India - Vietnam Relations: Retrospect & Prospect (Edited by Rajaram Panda. Northern Book Centre, New Delhi, Indian. 2016. ISBN: 81-7211-371-4)

Nguyen Tran Tien


The book “India-Vietnam relations: Retrospect & Prospect” is the outcome of the International Conference on “India-Vietnam relations: Retrospect &  Prospect” organized by ICCR in February 2016 aimed to undertake comprehensive analysis of India-Vietnam relations. The conference was organized at such an important juncture of geo-political terms, when the changing situation is shaping regional politics and East Asia is emerging as powerful states in global affairs. In this context, South and Southeast Asia are facing a difficult period in the area of regional co-operation because of many conflicts. Therefore, each country should unite the people of the region through a culture of peace, stability, friendship and development. Then it may solve the problems up to a certain extent through peaceful means. In that sense, India and Vietnam may play an important and effective role.

Overwhelmed with such an effort of bringing intellectuals and scholars from both countries on a common stage to share their views, it will be an excellent opportunity to review the relations of India and Vietnam and take it to higher levels in the years to come. The sections in the volume contain perspectives of scholars, diplomats, activists, opinion makers and cultural historians on the traditional relationships between India and Vietnam. Though the primary focus is on the cultural component of the ties, other dimensions such as economic and security issues are also covered. Specifying few of the unique features that both countries share like cultural affinity and mutual sympathy for those who suffered from colonialism, the two countries maintained mutual trust and new economic opportunities have enhanced cooperation to a great extent. It is not exaggerated to say this is a rare and unique relationship that researchers from both countries should explain.

Most of the book’s chapters  have pointed out  enormous historical evidences that substantiate these views, which can be witnessed more in Central and less in Northern and Southern Vietnam. They agree that this relation can be traced back to the first century or even earlier. China, Indian Buddhism, and Brahmanical culture had great influence and impact on Vietnam. This relation always maintained mutual understanding, respect and co-operation.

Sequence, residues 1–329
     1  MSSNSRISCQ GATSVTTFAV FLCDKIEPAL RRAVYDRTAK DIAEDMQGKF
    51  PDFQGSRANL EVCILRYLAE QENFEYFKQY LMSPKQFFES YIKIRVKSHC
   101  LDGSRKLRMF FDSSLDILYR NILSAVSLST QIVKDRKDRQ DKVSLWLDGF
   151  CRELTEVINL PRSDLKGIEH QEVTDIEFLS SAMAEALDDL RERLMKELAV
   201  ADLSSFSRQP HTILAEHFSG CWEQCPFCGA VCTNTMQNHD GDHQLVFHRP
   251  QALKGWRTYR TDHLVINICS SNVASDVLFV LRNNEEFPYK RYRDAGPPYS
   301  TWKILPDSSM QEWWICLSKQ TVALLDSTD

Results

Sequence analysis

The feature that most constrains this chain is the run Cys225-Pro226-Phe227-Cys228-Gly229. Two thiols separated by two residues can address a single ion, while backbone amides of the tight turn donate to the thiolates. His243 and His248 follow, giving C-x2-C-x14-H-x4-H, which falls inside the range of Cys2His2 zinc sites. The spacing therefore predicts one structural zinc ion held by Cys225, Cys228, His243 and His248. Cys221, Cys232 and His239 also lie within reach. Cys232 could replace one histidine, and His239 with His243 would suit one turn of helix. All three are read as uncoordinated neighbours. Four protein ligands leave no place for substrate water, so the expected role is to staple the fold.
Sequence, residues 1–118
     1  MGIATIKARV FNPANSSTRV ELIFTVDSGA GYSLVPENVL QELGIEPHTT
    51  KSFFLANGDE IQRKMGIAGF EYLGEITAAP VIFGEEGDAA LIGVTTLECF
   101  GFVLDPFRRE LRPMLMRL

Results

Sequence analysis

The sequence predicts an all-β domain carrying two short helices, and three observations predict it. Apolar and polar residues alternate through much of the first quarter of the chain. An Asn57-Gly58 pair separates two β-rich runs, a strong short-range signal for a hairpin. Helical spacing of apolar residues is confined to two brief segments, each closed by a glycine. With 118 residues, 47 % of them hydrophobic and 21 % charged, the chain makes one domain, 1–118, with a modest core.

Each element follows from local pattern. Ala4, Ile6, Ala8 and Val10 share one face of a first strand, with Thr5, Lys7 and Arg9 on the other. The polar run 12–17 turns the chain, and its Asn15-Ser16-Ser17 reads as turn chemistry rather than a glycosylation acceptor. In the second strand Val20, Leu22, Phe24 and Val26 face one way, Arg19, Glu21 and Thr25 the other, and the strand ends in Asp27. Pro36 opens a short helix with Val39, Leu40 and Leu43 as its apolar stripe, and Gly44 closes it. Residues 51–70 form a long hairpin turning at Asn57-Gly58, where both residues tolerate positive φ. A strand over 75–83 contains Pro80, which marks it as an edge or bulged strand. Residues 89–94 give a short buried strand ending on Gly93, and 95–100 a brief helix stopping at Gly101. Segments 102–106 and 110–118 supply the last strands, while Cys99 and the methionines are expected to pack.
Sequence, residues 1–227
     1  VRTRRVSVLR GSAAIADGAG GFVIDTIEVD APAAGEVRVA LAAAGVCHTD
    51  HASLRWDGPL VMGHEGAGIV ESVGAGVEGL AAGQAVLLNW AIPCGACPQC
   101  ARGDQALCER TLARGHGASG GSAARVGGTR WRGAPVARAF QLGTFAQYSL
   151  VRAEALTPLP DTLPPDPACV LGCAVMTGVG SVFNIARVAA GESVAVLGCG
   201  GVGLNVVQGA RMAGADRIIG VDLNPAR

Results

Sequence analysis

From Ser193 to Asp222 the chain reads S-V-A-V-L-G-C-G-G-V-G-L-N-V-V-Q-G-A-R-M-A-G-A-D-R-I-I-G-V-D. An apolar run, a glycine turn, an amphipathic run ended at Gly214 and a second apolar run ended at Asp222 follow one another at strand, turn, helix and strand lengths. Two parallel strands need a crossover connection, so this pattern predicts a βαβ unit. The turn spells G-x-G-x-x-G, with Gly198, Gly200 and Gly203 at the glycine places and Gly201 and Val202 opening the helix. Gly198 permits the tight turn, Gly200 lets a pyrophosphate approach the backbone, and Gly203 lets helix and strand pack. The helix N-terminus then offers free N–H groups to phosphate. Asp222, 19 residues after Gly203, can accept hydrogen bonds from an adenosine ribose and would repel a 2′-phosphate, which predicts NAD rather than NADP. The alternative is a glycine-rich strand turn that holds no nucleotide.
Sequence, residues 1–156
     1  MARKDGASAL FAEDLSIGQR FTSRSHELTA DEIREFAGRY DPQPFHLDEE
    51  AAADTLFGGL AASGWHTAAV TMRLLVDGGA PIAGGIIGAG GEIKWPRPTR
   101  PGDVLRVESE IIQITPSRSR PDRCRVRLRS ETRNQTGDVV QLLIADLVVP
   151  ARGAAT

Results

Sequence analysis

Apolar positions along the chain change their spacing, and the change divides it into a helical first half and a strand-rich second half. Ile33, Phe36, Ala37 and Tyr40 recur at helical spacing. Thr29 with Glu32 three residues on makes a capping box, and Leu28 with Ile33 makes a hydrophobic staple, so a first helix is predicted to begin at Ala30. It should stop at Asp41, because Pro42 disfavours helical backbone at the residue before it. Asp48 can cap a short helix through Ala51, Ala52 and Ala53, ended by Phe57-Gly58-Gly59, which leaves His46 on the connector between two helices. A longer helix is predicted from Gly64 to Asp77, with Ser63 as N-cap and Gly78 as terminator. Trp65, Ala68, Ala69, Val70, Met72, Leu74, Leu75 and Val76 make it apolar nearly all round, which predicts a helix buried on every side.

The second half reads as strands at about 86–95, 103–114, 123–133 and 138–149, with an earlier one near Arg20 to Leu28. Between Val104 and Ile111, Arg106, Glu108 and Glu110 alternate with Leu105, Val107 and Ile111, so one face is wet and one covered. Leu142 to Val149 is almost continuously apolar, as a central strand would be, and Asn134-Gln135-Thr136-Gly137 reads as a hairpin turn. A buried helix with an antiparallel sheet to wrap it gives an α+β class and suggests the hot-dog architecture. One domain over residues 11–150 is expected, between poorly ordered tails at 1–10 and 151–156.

India is the second largest country in the world with regard to population, the world’s largest democracy and by far the largest country in South Asia, and one of the most diverse and pluralistic nations in the world in terms of official languages, cultures, religions and social identities. The introductory and overview chapter primarily focus on these cultural identities that can be found in the India-Vietnam relations, though very few dimensions such as economic and security issues in this book have taken a center stage in recent times. Besides, the chapters in this volume also contain various sub-themes - viz. historical and cultural linkages; synergy between culture and history; culture fostering India-Vietnam relations; Ho Chi Minh in India & Rabindranath Tagore in Vietnam; Impact of Buddhism & Hinduism over Vietnam’s culture and society and future vision of relations: mutual exchange of ideas.

Chapter II focuses on synergy between culture and history with 5 sections. The major discussion of this chapter is to emphasize over the future vision of the bilateral relations between the two countries; economic expansion in the maritime route; cultural diplomacy as a key to foster friendship and explained why the relations were important not only strategically but culturally, also for a better understanding of each other. H. E. Mr. Ton Sinh Thanh Ambassador of S.R. Vietnam in India appreciated the richness of Indian culture and talked about the cultural diplomacy. He said that if the Govt. of India accepts the proposal to erect the statue of President Ho Chi Minh in the capital of India, it will be an excellent symbol of friendship.